23. In the result, therefore, if I should come to the conclusion that there is no force or substance in any of the other contentions with regard to the election notified for the 30th of September, I should certainly not be disposed to grant the order simply because there is an illegality in the notice even though the right in protection of which the order is sought be absolutely shadowy or merely fanciful.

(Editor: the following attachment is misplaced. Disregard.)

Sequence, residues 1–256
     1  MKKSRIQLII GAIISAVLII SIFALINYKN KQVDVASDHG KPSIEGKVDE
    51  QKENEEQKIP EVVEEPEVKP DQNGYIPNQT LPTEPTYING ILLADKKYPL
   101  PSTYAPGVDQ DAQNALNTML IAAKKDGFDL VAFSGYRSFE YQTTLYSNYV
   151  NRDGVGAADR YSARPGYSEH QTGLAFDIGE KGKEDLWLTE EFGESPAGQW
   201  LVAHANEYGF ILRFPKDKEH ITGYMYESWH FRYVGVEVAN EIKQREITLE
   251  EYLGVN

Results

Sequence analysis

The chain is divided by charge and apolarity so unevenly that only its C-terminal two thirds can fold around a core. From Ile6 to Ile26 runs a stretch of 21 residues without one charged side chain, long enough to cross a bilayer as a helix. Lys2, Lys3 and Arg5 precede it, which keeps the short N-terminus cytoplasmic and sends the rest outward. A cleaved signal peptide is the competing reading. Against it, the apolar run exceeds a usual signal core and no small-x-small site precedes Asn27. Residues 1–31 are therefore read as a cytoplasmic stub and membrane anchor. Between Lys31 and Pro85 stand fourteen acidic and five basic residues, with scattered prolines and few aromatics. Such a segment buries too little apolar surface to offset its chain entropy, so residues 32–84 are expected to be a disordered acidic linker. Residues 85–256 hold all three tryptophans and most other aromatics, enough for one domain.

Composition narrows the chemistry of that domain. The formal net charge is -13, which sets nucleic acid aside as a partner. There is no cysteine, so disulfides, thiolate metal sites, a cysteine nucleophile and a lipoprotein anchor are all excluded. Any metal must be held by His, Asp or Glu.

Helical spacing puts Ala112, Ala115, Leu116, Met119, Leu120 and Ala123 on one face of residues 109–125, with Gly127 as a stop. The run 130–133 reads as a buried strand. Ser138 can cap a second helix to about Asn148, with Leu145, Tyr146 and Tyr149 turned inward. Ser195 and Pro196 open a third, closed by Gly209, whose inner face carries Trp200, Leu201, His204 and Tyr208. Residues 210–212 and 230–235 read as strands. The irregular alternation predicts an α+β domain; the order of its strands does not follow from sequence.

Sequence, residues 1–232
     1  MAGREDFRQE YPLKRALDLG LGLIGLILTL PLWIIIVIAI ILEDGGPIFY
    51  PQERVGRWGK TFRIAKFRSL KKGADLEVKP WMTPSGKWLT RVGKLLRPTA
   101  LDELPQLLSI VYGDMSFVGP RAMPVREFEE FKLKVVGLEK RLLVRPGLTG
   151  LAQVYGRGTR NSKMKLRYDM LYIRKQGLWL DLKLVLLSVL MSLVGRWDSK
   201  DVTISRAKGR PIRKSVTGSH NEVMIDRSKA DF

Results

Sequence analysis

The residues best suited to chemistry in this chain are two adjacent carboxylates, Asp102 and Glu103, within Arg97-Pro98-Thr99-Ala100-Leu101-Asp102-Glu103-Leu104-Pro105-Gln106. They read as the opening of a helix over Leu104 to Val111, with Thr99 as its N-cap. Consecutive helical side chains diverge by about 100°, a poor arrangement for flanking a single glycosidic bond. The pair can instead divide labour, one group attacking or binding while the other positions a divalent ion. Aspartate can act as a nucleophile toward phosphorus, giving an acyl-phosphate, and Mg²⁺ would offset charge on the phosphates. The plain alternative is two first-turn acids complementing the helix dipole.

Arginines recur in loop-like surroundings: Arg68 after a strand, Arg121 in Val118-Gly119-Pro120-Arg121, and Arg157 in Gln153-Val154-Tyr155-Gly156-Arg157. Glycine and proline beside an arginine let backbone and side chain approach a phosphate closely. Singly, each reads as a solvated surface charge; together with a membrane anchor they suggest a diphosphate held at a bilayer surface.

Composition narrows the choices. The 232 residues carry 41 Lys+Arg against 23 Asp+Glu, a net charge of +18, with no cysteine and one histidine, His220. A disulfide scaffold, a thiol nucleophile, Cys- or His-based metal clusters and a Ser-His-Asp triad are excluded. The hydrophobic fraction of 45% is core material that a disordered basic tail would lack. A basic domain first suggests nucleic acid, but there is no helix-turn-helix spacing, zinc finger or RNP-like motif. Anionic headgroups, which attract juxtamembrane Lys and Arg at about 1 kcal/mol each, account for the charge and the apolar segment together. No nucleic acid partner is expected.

24. The next contention of the petitioners' vakil with which I shall deal is, that under terms of Rule 5 the Governor-in-Council can only dispense with or alter the procedure prescribed by rules 2, 3 and 4 in respect of any election for which a new date is fixed, but cannot dispense with or affect the substantive rights of voters in respect of the election. It was argued that an election included nomination, objections to nomination and decision with regard to the objections which are all integral and necessary parts of an election and that in Rule 5 it is provided not that Rules 2, 3 and 4 may be dispensed with but that only the procedure prescribed in Rules 2, 3 and 4 need not be repeated. The real intention of the rule-making authority, it was argued, is that in respect of every election for which a date is fixed the process of nominations of candidates, etc., should be gone through and that the Governor-in-Council may only by special order direct that the prescribed forms or the manner of making objections or the authority to decide objections, may all be dispensed with or altered and that the Governor-in-Council has no authority to dispense with nominations altogether. After giving my earnest consideration to the argument very strenuously advanced by the learned vakil for the applicants on this point, I find it impossible to accede to the contention There is no warrant for the Legislature having intended any distinction between the substantive rights and procedure as indicated in Rules 2, 3 and 4. The word 'repeat' in Rule 5 clearly indicates the time intention of the rule-making authority in the matter. Though nominations may be an integral part of an election still the process by which nominations should be made is regulative of the right and when the Legislature speaks of the process not being repeated, one can only understand it as indicating that the authority may, in its discretion in certain cases, direct that the entire process of nominations etc. need not be gone through again and that the election may be held taking it up at the point at which its further progress became checked. If the true construction should be as contended for on behalf of the applicants, the result will be that even though the authorities may say that Rules 2, 3 and 4 may be dispensed with, still the voters would have a right of nominating or objecting to nominations or getting a decision with regard to their objections, not in the way prescribed in those rules, but in any way they please, which to my mind is a result that could possibly not have been contemplated.